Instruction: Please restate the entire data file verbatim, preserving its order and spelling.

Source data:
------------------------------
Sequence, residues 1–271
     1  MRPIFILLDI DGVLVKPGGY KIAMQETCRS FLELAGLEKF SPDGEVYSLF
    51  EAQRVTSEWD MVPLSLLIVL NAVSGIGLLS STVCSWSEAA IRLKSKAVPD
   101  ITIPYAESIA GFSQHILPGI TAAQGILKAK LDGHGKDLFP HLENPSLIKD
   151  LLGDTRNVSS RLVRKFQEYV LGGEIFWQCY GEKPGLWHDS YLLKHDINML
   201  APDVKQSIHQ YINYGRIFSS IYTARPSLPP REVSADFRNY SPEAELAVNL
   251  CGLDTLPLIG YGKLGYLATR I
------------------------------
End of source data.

Sequence, residues 1–271
     1  MRPIFILLDI DGVLVKPGGY KIAMQETCRS FLELAGLEKF SPDGEVYSLF
    51  EAQRVTSEWD MVPLSLLIVL NAVSGIGLLS STVCSWSEAA IRLKSKAVPD
   101  ITIPYAESIA GFSQHILPGI TAAQGILKAK LDGHGKDLFP HLENPSLIKD
   151  LLGDTRNVSS RLVRKFQEYV LGGEIFWQCY GEKPGLWHDS YLLKHDINML
   201  APDVKQSIHQ YINYGRIFSS IYTARPSLPP REVSADFRNY SPEAELAVNL
   251  CGLDTLPLIG YGKLGYLATR I